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  15. curious to see if you do pick one, which one, hope you get back to me on that or post on your blog!

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  16. I feel the same way about the new year - everything seems fresh and all things seem possible.

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  17. I'm curious about "epic" and why it come to mind!

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  18. This post is SO wonderful and something all of us can learn from. I also find that resolutions are setups for failure or disappointment. I love that idea of making a word the year's theme. You always think so creatively and it's quite inspiring!

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  19. P.S. You can also have the word inspire because that's definitely what you do for others, Margo :)

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  20. hey ... Margo. This really meshes with my blog on coping with rejection as one of the skills writers have to learn, absorb, ... ??? Anyway. A heads up. I'm linking.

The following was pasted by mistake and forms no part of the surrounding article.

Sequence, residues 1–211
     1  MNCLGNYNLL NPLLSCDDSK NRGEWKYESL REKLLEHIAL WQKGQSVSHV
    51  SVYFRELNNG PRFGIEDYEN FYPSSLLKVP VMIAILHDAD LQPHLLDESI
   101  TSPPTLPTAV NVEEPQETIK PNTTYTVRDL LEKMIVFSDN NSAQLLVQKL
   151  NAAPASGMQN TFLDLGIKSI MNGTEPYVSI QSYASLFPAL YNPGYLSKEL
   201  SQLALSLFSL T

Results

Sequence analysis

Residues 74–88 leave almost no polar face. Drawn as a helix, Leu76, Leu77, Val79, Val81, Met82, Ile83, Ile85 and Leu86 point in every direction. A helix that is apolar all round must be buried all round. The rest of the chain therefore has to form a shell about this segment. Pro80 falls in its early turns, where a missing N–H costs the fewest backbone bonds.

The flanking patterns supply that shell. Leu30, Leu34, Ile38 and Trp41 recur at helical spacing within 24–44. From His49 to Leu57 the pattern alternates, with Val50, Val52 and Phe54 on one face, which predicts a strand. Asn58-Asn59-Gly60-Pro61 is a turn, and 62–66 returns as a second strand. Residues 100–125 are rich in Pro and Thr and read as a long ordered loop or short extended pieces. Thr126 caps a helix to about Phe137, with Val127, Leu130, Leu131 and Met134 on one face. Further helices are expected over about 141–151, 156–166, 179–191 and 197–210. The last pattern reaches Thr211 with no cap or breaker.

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  21. This makes a lot of sense to me. The problem with resolutions (or one anyway) is, I think, that we try to change so much at once. We make a big, long list. Changing one small thing at a time sure sounds like better odds, and more like how we're wired to work.

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  22. Great way to approach a new year. My one word is craft.

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  23. Yup, rejection, that's such a necessary one

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  24. Yes it's so much easier to strive for one thing, than a whole list!

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  25. Elisabeth KauffmanJanuary 15, 2013 at 7:42 AM

    I love this, Margo! Thanks for sharing it.